Cumbria Police would like to remind the public that we are still here to support anybody that is a victim of domestic abuse or anyone who is concerned about someone who may be a victim.
With the country on lockdown, families and couples are spending a lot more time together while self-isolating indoors and so we need to make sure now more than ever that victims of domestic abuse feel able to come forward. This is a difficult time for everyone but especially for adults living with domestic abuse and children being exposed to it.
Detective Chief Inspector Dan StQuintin, Cumbria Constabulary, said: “In the coming weeks and months we ask for everyone to look out for each other as much as possible. We would also like to extend this plea to those such as postal workers, delivery drivers, food delivery companies and carers etc…who will still be visiting houses, to keep an eye out for any signs of abuse and to report any concerns to us. We take a zero tolerance approach to abuse and victims can be reassured that we will listen to and support them. Together we can reduce the abuse to victims who are now more hidden from society
“A free app called ‘Bright Sky’ which can be downloaded onto mobile phones has been created by a company called ‘Hestia’ to provide support and information for domestic violence victims and can also be used by practitioners or anyone looking for information to support victims.”
The app, which can be disguised for those concerned about their partner monitoring their phone, is available in four different languages and holds a UK-wide directory of domestic abuse support services with full contact details, a secure journal tool to record incidents of abuse by text, audio, video or photo without it being stored onto the phone itself and a 999 emergency dialler.
Cumbria’s Police and Crime Commissioner, Peter McCall, said: “The country-wide lockdown is a stressful time for many of us but this stress will be magnified for victims of domestic abuse.
“I can only imagine the fear of those who are trapped in their homes with their abuser.
“Domestic abuse will not be tolerated here in Cumbria and any reports that do come in to the police will be taken seriously.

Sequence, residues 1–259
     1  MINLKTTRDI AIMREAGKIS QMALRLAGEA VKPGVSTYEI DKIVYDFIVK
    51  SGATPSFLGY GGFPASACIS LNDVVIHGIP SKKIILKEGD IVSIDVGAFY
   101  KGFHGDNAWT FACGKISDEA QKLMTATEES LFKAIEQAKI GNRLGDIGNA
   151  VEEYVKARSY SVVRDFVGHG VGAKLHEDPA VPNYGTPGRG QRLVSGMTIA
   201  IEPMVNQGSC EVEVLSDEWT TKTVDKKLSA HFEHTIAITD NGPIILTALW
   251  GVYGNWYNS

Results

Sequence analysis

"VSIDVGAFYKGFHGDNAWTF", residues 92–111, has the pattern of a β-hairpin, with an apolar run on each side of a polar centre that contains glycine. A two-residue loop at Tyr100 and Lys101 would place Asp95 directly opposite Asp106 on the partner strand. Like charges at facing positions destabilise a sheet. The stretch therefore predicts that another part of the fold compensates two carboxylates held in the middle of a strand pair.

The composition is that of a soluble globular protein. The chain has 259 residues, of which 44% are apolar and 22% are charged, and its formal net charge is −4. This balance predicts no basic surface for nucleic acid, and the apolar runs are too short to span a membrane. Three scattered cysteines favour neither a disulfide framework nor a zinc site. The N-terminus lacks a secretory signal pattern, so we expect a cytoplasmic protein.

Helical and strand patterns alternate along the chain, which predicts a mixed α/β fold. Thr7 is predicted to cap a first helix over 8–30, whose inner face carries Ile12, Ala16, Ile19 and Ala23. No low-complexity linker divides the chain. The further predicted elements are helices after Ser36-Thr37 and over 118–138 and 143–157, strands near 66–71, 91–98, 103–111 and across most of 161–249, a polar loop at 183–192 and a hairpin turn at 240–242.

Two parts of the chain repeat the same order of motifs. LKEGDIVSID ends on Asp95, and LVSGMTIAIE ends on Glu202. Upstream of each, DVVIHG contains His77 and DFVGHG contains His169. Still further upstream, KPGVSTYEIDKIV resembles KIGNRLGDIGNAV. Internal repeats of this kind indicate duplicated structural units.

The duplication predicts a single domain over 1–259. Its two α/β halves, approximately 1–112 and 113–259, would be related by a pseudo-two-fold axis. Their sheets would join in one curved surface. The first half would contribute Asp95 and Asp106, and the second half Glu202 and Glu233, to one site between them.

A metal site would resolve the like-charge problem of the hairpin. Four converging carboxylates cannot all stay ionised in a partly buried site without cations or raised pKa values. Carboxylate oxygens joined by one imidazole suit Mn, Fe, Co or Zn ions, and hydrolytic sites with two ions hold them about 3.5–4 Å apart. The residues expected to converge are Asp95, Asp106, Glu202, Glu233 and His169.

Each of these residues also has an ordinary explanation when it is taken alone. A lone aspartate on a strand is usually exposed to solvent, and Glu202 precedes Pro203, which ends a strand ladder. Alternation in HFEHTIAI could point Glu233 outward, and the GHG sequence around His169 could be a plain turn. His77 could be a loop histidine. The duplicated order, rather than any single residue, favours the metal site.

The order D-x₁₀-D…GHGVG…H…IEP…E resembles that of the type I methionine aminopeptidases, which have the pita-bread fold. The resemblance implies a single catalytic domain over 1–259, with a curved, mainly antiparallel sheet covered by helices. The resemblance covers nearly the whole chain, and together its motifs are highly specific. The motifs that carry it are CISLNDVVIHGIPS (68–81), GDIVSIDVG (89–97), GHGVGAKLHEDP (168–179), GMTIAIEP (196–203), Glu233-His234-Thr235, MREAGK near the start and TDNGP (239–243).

“Of course we understand that not everyone will want to report to the police.
“One of the services commissioned by Police and Crime Commissioners is Victim Support who can provide advice. Victim Support can be reached on 0300 303 015 or online in their Live Chat, Monday – Friday, 9am – 6pm. Outside these hours they can be reached on 0808 168 9111.
Mark Groves, chief executive of the National Centre for Domestic Violence (NCDV), said:
"While the whole country grapples with the consequences of Covid-19, there are huge dangers lurking for victims of domestic abuse and violence.
"We fully support Cumbria Police's plea to key workers to help the police investigate suspicions or concerns surrounding victims or perpetrators.
"We also want all victims to know that help is at hand - and that we are here for them.
"A call to the National Centre for Domestic Violence is one of the quickest and surest ways of obtaining a protective injunction to put a stop to abuse and taking back control of their lives. In some cases we can have a Court Order in place for them within as little as 24 hours."
If you are a victim of domestic abuse you can report non-emergency incidents by calling 101 or emailing email@example.com.
For more information on support services available, please see our website here: https://www.cumbria.police.uk/Advice-Centre/Personal-Safety/Domestic-Abuse.aspx